"We came to a very fair agreement with the decision yesterday," said council member Chris Pschirer during Thursday’s city council meeting. "It's just a sad day in Carbon Hill when we cannot have grown men and women sit down and make a decision to move this city forward."
City officials hammered out the $41,980 compromise during a joint work session Wednesday. It was designed to satisfy debts the utilities board owed the city for unpaid health insurance premiums and a disputed franchise fee for the city’s water system.
During the council meeting, however, Hart announced that city leaders received an injunction seeking to stop the council’s approval of the settlement. The legal block was from an attorney representing three former members of the utilities board: Jerry Nelson, Milton Jackson and Joe Killingsworth.
The three men, as well as board member Pete Bray, were removed from the five-member board during a single council meeting in January. At the meeting, Hart read a prepared statement charging the four board members with refusing to provide public information and refusing to pay the franchise fee.
The former board members denied the charges and filed suit against the city, saying they were improperly removed from their posts. However, Bray has stopped pursuing the matter in court since he was reinstated to the utilities board.
During Thursday’s meeting, Hart said the city’s attorneys advised him not to approve the settlement in light of the injunction.
Hart also criticized the former board members’ attorney, Russ Robertson, saying the Jasper lawyer is behind half of the lawsuits filed against the city in the last three years.
"All he is doing to the City of Carbon Hill is robbing the citizens blind with frivolous lawsuits … He's hurting our city, and he's stopping progress from taking place in our city," Hart said.
Robertson said he has filed three different legal actions representing five different parties who have had their rights violated by the City of Carbon Hill. He said two of those actions have been settled and one is still pending.
In regard to the injunction, he said that he and his clients feel the settlement should be decided by either a “court of competent jurisdiction” or the rightful utility board members.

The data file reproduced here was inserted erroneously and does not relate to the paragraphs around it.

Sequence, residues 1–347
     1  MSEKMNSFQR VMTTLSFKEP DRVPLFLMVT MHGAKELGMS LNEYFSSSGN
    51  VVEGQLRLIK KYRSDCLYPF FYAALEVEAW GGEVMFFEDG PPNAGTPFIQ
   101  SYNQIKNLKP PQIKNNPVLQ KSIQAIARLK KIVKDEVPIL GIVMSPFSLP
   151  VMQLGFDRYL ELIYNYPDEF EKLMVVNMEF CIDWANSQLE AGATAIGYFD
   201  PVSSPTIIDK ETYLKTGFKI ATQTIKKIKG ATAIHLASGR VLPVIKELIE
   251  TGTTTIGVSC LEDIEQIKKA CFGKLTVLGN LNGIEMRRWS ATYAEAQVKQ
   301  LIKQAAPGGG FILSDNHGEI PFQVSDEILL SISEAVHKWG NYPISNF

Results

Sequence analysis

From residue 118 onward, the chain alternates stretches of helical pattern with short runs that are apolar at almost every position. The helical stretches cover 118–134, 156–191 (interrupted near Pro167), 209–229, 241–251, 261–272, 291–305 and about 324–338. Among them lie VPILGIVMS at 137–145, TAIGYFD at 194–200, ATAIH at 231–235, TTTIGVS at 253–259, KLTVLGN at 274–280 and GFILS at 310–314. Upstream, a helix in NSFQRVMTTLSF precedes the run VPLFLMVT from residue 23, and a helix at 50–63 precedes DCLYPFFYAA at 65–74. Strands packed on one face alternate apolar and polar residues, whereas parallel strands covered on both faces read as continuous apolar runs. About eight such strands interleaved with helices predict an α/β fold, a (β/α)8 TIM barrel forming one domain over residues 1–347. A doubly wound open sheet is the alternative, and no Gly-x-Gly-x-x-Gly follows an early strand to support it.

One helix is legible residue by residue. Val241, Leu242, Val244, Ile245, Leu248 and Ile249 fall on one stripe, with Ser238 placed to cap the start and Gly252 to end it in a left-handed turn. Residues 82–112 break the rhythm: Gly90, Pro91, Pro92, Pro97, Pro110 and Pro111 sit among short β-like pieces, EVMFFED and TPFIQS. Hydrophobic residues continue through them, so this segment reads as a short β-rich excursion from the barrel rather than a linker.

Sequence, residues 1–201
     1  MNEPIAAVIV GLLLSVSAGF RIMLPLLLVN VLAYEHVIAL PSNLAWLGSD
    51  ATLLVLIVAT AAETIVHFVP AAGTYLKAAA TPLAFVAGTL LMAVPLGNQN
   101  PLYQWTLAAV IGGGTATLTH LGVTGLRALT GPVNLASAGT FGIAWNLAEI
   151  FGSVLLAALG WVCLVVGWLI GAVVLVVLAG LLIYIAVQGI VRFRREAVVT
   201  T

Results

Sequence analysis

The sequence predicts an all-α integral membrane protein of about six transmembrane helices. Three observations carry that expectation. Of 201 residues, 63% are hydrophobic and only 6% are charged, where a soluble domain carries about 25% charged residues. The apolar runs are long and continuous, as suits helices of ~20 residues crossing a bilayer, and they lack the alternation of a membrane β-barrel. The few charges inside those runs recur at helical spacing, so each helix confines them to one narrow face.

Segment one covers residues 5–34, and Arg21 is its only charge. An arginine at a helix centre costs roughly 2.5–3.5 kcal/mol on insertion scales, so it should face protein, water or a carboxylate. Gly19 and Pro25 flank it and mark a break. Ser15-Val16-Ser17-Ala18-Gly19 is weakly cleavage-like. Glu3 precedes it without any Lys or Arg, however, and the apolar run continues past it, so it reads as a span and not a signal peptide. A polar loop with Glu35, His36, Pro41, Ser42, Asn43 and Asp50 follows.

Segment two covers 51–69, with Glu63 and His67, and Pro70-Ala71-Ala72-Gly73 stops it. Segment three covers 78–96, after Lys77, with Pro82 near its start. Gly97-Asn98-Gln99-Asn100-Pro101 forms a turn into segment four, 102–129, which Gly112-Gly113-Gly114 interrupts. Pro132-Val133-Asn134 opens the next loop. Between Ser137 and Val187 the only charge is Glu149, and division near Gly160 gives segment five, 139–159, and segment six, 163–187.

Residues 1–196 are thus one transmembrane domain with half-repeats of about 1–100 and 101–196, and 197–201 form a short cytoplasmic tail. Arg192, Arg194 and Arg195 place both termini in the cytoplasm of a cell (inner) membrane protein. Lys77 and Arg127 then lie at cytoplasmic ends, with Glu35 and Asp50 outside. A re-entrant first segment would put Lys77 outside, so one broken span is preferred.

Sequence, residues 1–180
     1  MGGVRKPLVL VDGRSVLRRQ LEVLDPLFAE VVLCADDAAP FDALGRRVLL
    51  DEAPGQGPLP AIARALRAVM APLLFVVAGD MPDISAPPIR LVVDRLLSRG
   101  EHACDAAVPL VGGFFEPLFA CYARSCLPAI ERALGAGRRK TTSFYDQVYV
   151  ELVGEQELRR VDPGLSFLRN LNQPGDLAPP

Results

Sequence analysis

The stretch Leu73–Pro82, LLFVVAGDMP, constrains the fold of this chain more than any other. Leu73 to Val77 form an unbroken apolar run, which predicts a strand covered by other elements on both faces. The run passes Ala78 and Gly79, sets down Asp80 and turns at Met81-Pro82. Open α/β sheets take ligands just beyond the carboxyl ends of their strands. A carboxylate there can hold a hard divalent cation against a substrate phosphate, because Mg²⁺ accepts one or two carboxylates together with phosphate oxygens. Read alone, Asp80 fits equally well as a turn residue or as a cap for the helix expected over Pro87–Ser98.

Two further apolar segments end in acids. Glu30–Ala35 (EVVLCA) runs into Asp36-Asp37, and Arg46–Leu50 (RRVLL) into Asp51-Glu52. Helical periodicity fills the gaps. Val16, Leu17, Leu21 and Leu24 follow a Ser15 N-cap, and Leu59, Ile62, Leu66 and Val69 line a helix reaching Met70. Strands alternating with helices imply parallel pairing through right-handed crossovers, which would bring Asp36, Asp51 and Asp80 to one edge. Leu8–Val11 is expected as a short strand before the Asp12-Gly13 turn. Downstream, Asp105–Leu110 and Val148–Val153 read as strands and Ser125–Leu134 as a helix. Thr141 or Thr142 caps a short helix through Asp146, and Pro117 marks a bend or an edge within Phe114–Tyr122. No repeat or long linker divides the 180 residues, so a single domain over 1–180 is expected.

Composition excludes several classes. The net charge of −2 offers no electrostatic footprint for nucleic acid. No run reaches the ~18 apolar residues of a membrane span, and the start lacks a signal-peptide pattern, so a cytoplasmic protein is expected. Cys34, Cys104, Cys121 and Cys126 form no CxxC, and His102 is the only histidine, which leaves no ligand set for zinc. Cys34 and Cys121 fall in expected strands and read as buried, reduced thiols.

"All they want is their proper position on the board,” he said. “They're not seeking to affect the operations of the city in any way, and I'm certainly not interested in doing that."
Robertson said the suit is far from frivolous and raises legitimate questions about the validity of the franchise fee. He said city leaders have had four months to show where the franchise tax originated, and they have not yet done so.
During Wednesday’s joint work session, city officials struck a deal that was to have the utilities board paying $41,980 to the City of Carbon Hill.
Attending the meeting were Hart, council members Jacques Allred and James Johnson as well as utilities board members Ronnie O’Rear and Pete Bray. Pschirer, a member of both the council and the utility board, was also present.
Each of the officials expressed their hopes that a compromise could be reached, saving the City of Carbon Hill in legal fees associated with resolving the matter in court.
“And, if we drag this out, we are going to have to go up on (water) rates,” O’Rear added.
In January, the council was notified that the City of Carbon Hill owed nearly $100,000 in unpaid health insurance premiums for municipal workers.
Pschirer said city leaders were able to reduce the bill. However, the utilities board still owes the city $17,890 for unpaid health benefits for two employees who started work sometime before 2006.
“It’s like the city said, ‘Here’s a bill. Sorry we dropped the ball,’” Pschirer said during the negotiations.
The rest of the settlement concerned tax revenue the utilities board had collected more than a decade. Though it charged residents for the franchise tax in their water bills, the board did not turn the funds over to the City of Carbon Hill.
Auditors discovered the discrepancy in August of 2011, and the utilities board began paying the city the fee.
According to Alabama law, the City of Carbon Hill can only reach back five years in demanding back payment for the franchise fee.
During the meeting Wednesday, Pschirer brought spreadsheets detailing the amount collected in the last five years for the franchise tax. That figure was $56,743.
While some initially felt the board should pay the full 5-year amount, others believed the board fulfilled its duties by starting to pay the fees once auditors discovered the mistake. On Wednesday, however, the officials at the meeting settled on $24,000 as a compromise, bringing the total settlement amount to $41,980.
At the end of Thursday’s meeting, Pschirer said he and the council regret that a final agreement could not be reached.
"I just want to apologize to the City of Carbon Hill that we can't seem to move forward for having to go through decisions that have been made six months ago," he said.